Cutting Outlawed in Kenya – Not Eradicated

Italo folds her legs and covers them with her long skirt. Her bare feet are charred and rough. Her skin looks dry and cracked. Her running nose shows how she braved the chilly morning to make it to school.

Nareiyo, the school cook, pushes some pieces of wood around in the open fireplace. They both cough and tear because of the sting from the smoke. Porridge is cooking in the big pot as they talk in hushed tones. Nareiyo is afraid of what Italo’s actions will cause.

The porridge is finally ready. Italo’s eyes follow as Nareiyo carefully removes the heavy pot from the now fierce fire. She manages a smile because breakfast is ready and soon she will warm her cold and grumbling stomach.

Lekanka Primary School is found in the vast Maasai Mara region of Kenya and accommodates about one hundred boys and girls in makeshift dormitories. This accommodation was built to help students prepare for their national exams because many of them had to travel as far as 10 kilometres to get to school each day. Their parents pay a fee that caters for their food.

Nareiyo turns to Italo and hands her a steaming mug of porridge. She gulps it down and the porridge slightly burns her lips and throat. Nareiyo reminds her to observe her manners.

No sooner had she gulped the second mouthful when a group of maasai women, followed by men, probably their husbands, came rushing in through the school’s gate.

“What is it?,” Madam Judy, the school’s head teacher inquired. “We want our girls,” the women answered amid gasps. “See our husbands are after us. In fact, the clubs they hold in their hands will land on us if you don’t return our girls.”

Madam Judy acted quickly to hide Italo and the other two girls in her office. Italo is about ten years old and only speaks Maasai. She has never stepped into a classroom. She has been visiting the school most days for a warm feed. She desires to go to school to learn Kiswahili and English and to count like her younger brother does, but her fate, as it would seem, is already sealed. Her dowry is already negotiated and all the marriage rights have been put into place. In three months time, she will undergo ‘the cut’, which will make her a woman ready to be handed over to her husband.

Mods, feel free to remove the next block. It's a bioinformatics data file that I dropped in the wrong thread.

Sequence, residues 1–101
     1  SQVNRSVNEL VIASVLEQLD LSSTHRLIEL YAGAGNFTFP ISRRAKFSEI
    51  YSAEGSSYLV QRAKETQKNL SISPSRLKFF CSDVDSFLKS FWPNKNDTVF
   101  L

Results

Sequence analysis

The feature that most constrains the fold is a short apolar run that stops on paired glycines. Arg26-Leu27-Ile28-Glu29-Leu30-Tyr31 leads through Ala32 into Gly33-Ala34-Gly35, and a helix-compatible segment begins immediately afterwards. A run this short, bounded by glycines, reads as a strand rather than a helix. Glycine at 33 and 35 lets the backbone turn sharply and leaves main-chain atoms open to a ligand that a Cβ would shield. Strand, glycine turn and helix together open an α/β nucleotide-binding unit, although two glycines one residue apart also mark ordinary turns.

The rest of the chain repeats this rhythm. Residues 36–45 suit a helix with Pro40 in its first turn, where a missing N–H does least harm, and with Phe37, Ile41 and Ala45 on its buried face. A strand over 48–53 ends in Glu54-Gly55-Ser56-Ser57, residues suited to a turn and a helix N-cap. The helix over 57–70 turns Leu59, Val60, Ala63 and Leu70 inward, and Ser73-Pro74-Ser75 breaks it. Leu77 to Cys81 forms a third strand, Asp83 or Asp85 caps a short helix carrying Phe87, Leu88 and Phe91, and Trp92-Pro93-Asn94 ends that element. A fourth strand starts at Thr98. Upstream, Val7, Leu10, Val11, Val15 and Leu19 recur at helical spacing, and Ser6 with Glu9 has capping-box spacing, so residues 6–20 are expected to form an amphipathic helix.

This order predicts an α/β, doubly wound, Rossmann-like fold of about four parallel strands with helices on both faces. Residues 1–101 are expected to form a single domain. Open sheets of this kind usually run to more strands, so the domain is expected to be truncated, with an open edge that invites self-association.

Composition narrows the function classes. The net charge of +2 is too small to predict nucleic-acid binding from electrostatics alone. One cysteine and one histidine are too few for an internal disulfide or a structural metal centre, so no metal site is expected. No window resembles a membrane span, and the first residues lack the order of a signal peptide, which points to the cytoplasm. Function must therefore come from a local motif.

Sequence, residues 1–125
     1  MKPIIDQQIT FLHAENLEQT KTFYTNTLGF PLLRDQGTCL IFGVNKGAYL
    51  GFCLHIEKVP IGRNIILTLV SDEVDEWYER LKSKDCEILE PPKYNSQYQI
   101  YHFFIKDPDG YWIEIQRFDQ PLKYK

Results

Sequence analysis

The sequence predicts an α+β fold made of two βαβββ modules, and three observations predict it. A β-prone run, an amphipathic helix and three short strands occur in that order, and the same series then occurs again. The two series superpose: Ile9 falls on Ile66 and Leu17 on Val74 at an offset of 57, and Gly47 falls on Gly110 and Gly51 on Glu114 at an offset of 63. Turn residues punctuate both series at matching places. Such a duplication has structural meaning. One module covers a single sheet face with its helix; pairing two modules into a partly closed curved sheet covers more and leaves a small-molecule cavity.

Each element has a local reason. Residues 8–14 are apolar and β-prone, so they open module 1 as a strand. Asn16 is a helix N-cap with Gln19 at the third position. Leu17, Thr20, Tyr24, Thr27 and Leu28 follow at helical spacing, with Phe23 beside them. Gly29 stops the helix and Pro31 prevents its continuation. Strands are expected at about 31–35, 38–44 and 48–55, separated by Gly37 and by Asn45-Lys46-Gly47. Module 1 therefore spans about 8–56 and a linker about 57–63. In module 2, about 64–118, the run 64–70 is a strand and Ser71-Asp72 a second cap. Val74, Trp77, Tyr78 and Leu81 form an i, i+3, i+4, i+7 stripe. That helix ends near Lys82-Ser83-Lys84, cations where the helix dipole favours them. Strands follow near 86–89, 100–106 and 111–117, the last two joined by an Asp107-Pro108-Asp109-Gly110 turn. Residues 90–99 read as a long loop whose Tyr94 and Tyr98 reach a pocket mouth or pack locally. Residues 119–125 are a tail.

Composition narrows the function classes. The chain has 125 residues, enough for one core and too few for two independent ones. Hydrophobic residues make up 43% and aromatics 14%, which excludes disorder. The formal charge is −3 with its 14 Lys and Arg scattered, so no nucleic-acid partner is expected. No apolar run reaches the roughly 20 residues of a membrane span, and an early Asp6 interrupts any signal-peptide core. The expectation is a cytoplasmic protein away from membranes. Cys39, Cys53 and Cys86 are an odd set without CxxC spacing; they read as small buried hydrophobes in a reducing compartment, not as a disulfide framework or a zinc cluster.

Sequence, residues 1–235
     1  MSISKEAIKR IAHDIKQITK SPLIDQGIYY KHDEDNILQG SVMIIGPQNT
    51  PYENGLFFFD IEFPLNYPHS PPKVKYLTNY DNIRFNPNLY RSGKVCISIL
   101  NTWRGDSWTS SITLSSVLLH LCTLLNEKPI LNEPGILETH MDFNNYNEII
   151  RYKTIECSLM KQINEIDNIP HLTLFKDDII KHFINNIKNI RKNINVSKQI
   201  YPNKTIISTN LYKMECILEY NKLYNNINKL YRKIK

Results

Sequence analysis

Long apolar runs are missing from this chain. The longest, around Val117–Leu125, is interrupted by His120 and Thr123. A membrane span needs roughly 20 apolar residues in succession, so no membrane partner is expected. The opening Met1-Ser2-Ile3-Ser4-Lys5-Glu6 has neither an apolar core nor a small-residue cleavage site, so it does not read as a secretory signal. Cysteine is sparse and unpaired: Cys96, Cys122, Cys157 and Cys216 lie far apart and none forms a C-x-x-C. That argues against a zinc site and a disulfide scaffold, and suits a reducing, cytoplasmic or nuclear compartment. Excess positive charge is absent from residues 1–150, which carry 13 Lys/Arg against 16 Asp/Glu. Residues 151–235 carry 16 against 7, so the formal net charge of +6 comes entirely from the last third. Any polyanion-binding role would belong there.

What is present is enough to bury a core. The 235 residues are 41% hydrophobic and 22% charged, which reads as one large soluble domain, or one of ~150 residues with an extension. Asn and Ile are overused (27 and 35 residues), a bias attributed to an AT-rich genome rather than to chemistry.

The men, very angry now, started waving their clubs in the air. Madam Judy called the police and finally, Italo was safely guarded in the school as the parents receded to their manyattas (huts), albeit full of fury.

Italo is just one of the many girls who are still denied their rights as children in Narok county in the south-west of Kenya, and sadly, will undergo cutting like many young girls before her.

While Female Genital Mutilation (FGM) was outlawed in Kenya in 2001, the war is far from over. About 9.3 million women and girls across the country have undergone ‘the cut’ according to the United Nations Children’s Fund (UNICEF), which makes up 27% of the Kenyan female population. In the county, the cases of cutting are the highest across Kenya. Every year in fact, 500 girls are at risk of this traditional practice that mutilates their external female genitalia.

The risks are many, including over bleeding, prolonged labour and fistula, the spread of HIV/AIDS if the cutting blade is not sterilised properly, not to mention the psychological and mental impact this practice has on young girls as they grow up into women.

I tell you this true story because I think our culture and our customs should foster the equal growth and development of both men and women in our communities.

I tell you this story becuase while FM has been outlawed, it hasn’t been eradicated.

I tell you this story because we need change and we need it now. The Girl Generation is an African-led movement who are fighting to end FGM. They believe FGM can end on one generation and I do too, but it will take the collective to do so.

Let’s support the cause and join the movement, collectively.

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